Drought Hits the Horn of Africa
The Horn of Africa is experiencing multiple, overlapping humanitarian crises. For people living in arid and semi-arid areas of the Horn of Africa, conflict and drought create a constant competition for scarce resources. A highly politicized armed conflict in northern Ethiopia has caused global outrage and has pulled political and financial attention away from other issues facing the region, including food insecurity. Today, the humanitarian response to the worst drought in decades remains badly underfunded, with concerns about widespread death and irregular migration because of agriculture loss at a time of major volatility in global wheat markets.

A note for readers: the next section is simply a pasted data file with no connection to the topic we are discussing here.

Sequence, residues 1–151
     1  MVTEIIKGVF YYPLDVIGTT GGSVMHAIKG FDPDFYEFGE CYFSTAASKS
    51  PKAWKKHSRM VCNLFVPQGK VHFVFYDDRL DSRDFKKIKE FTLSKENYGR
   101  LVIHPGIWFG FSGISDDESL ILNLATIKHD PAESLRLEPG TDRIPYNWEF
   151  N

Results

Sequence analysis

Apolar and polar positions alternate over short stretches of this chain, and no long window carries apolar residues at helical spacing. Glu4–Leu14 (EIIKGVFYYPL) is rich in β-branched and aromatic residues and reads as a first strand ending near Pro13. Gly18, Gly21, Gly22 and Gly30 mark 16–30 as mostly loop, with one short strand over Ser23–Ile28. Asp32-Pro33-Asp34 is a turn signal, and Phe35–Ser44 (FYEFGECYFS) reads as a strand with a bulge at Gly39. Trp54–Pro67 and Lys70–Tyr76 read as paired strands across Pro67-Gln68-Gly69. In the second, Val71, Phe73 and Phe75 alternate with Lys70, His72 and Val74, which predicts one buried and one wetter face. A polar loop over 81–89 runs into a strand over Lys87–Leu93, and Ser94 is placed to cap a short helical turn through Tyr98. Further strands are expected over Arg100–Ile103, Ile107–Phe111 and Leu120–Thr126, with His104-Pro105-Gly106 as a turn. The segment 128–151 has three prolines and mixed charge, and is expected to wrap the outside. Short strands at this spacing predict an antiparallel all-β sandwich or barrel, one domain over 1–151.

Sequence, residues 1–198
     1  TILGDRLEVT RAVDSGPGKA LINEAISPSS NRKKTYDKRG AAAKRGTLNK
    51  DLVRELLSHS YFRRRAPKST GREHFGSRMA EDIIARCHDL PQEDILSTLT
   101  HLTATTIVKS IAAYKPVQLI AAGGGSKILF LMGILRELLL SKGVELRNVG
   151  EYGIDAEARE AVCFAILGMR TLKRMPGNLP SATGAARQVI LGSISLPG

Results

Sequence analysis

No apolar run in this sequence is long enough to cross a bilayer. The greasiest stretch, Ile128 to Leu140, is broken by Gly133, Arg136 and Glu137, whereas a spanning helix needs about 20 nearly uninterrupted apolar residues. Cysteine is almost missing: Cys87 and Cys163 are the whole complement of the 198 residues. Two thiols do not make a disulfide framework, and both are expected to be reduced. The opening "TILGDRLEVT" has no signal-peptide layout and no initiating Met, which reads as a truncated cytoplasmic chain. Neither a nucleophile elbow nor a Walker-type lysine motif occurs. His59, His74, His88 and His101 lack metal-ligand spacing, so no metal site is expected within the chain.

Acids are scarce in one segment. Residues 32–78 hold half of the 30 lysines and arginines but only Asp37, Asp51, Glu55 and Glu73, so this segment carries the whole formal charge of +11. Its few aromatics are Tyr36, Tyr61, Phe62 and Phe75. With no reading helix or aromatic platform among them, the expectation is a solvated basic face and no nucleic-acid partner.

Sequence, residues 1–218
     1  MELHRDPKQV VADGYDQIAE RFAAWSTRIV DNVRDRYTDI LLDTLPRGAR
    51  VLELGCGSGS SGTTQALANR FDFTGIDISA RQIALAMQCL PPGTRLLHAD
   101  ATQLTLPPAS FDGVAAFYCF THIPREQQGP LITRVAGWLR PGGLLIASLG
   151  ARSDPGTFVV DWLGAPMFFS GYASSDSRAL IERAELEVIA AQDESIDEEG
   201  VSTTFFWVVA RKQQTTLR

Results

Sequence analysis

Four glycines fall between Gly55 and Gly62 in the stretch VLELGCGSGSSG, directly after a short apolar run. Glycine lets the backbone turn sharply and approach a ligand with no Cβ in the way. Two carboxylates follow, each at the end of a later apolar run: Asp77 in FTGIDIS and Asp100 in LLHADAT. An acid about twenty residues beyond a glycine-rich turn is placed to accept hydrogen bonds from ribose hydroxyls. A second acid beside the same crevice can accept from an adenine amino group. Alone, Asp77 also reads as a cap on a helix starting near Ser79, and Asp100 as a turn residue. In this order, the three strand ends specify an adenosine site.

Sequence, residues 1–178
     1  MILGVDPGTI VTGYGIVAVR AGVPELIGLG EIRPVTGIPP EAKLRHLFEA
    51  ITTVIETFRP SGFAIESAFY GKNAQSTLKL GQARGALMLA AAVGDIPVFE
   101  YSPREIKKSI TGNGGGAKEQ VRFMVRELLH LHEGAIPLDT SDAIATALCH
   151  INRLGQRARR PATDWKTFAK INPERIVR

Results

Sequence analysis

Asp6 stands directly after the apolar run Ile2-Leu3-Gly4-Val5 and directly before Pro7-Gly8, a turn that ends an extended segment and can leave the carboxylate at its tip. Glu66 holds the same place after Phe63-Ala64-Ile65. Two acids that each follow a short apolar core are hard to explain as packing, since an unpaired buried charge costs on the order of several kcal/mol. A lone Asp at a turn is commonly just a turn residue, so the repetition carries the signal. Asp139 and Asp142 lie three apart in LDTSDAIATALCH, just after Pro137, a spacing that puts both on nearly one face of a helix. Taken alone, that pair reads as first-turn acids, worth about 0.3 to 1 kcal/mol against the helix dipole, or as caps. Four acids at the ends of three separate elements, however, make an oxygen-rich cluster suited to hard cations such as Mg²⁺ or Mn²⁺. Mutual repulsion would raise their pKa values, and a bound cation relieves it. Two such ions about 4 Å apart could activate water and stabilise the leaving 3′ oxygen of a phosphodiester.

Q1: How severe is the current drought?
A1: In November 2021, the Intergovernmental Authority on Development (IGAD) reported that seasonal rainfall for a large swath of the Horn of Africa was at its lowest since 1981. This comes on the heels of an unprecedented four consecutive poor rainy seasons. In the 2010–2011 Horn drought, two consecutive poor rainy seasons led to the deaths of nearly a 250,000 Somalis. Today, nearly seven million Ethiopians, one million Kenyans, and three million Somalis require emergency life-saving assistance because of drought conditions. UN assessments also report an estimated 1.5 million animals have already died. Losing this critical source of income, nutrition, and cultural identity has contributed to the displacement of nearly 500,000 people in Somalia, with predictions that another 1.5 million may be displaced later this year as the drought deepens suffering.